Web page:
The July meeting of The Fearless Cooking Club takes us to Barb’s home. Barb has been to Italy and I’ve seen her fabulous pictures. Barb dusted off her pasta maker, drying rack and pulled out Beard on Pasta cookbook and taught us a thing or two about making homemade pasta.
Barb did her homework and studied the master James Beard. There were several key points that Barb noted.
1. Plan in advance. Chef Beard recommends that the dough rest for 30 to 120 minutes after mixing (the actual recipe is at the end of this blog).
2. It takes time. Homemade pasta is labor intensive. It took two or three of us to hold the dough above the pasta maker, turn the crank and pull dough out for flattening. It takes 3-4 cranks through with the pasta maker to get the thickness for the dough correct. We talked about how the TV chefs make it look so easy. They can hold the dough, crank it through masterfully, and get beautiful flattened dough and noodles on the other side.
3. Take a break. Whew! That was hard work. Pour the wine and have a snack.
4. Make your sauces. While the pasta is drying on the rack make your sauces. We had four to sample:
- A basic basil pesto using pine nuts from The New Best Recipe – Cook’s Illustrated (2004)
- Pesto Trapanese all Anna – A Lidia Bastianich recipe from her website
- An easy Puttanesca – aka “the way a streetwalker would make it” from The Denver Post Make It Fit series (2010)
- A creamy alfredo sauce made by Sarah. She used cream cheese and parmesan cheese in it. Interesting twist!
5. Prepare salads and desserts. I made a homemade Caesar salad from my standby cookbook The New Best Recipe – Cook’s Illustrated (2004) We had homemade puff pastry made by Barb. She said they were so easy to make. The filling came all the way from Pat-A-Cake, a cake decorating store in 316 W Norfolk Ave, Norfolk NE 68701, Phone: (402) 379-2061. And lastly, Char made her famous Pizzelles.
4. Cooking the pasta. Beard recommends to boil the water furiously; the water does not need salt, but a splash of oil is a good idea. I found this to be an interesting tip because most TV chefs I’ve watched only salt the water and never add oil. But they are not making homemade pasta I guess.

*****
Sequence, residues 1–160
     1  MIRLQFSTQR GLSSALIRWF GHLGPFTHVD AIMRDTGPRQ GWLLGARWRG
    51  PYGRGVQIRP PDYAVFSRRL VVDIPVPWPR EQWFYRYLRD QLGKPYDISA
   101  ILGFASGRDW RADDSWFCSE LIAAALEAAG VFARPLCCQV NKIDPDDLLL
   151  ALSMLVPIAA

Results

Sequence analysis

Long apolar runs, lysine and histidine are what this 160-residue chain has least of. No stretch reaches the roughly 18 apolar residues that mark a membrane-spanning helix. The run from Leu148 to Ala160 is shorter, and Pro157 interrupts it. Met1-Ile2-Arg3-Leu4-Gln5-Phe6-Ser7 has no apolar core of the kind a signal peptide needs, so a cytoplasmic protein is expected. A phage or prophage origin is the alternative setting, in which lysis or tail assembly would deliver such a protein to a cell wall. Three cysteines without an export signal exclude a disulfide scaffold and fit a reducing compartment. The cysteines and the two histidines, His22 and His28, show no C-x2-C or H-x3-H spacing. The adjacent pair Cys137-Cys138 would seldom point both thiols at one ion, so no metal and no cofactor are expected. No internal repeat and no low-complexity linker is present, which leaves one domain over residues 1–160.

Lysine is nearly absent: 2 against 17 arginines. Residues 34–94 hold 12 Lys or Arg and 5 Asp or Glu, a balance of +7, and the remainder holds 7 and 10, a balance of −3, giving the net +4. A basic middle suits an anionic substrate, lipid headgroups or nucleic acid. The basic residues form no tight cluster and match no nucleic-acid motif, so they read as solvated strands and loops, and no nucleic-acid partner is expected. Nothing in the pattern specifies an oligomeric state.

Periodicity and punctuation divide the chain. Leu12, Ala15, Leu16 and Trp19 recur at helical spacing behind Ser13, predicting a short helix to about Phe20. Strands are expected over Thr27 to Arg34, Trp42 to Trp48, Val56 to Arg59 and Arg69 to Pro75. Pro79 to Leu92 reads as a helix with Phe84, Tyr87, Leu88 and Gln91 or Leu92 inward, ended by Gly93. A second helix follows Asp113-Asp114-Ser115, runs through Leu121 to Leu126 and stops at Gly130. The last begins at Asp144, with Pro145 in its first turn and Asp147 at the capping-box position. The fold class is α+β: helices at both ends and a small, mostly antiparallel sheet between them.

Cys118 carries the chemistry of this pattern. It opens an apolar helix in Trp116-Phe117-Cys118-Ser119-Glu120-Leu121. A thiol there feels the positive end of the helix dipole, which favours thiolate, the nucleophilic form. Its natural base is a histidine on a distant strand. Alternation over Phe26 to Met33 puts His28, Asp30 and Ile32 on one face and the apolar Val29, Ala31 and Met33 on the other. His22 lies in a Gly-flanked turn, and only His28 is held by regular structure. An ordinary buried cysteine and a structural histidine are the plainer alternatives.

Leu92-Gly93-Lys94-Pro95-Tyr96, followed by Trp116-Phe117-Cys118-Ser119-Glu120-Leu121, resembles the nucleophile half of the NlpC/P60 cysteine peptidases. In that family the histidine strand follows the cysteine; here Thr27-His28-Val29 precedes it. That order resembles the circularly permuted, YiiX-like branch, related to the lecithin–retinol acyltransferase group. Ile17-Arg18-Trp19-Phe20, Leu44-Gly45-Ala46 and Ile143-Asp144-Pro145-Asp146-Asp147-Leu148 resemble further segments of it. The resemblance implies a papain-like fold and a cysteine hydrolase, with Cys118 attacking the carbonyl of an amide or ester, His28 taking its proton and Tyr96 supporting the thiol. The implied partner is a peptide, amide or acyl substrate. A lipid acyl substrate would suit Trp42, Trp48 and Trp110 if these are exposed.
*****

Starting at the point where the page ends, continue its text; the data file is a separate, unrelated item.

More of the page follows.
5. Fresh pasta cooks quickly. It does not need the standard 8 – 10 minutes; after placing pasta in the boiling water, it is usually ready by the time the water returns to a boil. Test by biting into a piece of the pasta – it should be pliable with no hard core. Drain pasta when done. It is best not to let pasta sit while sauce finishes. Try to have sauce ready to coat the pasta as soon as it comes out of the water.
We made fettucine and spaghetti. Turning out the spaghetti was interesting. It was so thin we thought it looked like angel hair pasta. But it plumped up in the water.
The table is ready! We even had pasta bibs to wear!
Clockwise from top left spaghetti with pesto; fettucine puttanesca; fettucine alfredo, spaghetti al pesto trapanese alla Anna.
Of course, we must have dessert. Plated is fresh cherries, a pizzelle and a cream puff.
And to top off the weekend, celebrating all Italian culture, Joy, my husband and I went to mass at Our Lady of Mt Carmel Church in the Highland neighborhood of Denver. The first Sunday of each month, the mass is said in Italian. It was amazing.
James Beard’s Basic Egg Pasta (serves 3 – 4)
Using Food Processor and Manual Pasta Machine
1 1/2 Cups all-purpose flour
1/2 tsp salt
2 large eggs
1 TBSP oil
Put metal blade into food processor. Measure in the flour and salt, and process briefly to blend them. Drop the eggs and oil through the feeding tube, and let the machine run until the dough begins to form a ball – around 15 seconds. If too sticky, add a tablespoon or more of flour. If too dry add a few drops of water or part of an egg.
COOKS NOTE: Barb misplaced the dough blade for her food processor, so she used the regular blade. She ran the processor 15 seconds per instructions – it did not form a ball. She poured the mixture onto a floured surface and was easily able to form it into a ball.
Turn out dough onto a floured surface. Dust your hands with flour and continue kneading. Work for 3 – 5 minutes, adding more flour if necessary, until you have a smooth ball of dough.
Set to rest under a dish towel or in plastic wrap for a minimum of 30 minutes, but 2 hours is preferable.
After dough has rested, cut it into four pieces. Put three back under the dish towel and flatten the fourth with a rolling-pin or with your palm. Set the manual pasta machine so that the rollers are at their widest opening. We ran it through each setting twice, then narrowed the opening, until we completed setting 5. You’ll know when it is rolled enough because the dough will become smooth and satiny. Pasta dough is not delicate and can not be overhandled – if it tears, you can fold in half and run it through again.
Lay the ribbon of pasta on a dish towel while you roll out the other three pieces of dough.
The dough should rest another 5 minutes after rolling; typically the first ribbon will be ready by the time you finish rolling all 4 pieces of dough.
Place the hand crank into the cutting slot of your choice. Run the ribbons of pasta dough through; it helps to have one person crank and a second person feed and catch the pasta.
Place the pasta on a drying rack of some kind – if you don’t have a pasta rack you can use the back of a chair, a clothesline, etc. Let it dry.
**See you all next month when The Fearless Cooking Club will be celebrating the Spanish culture and making Paella.**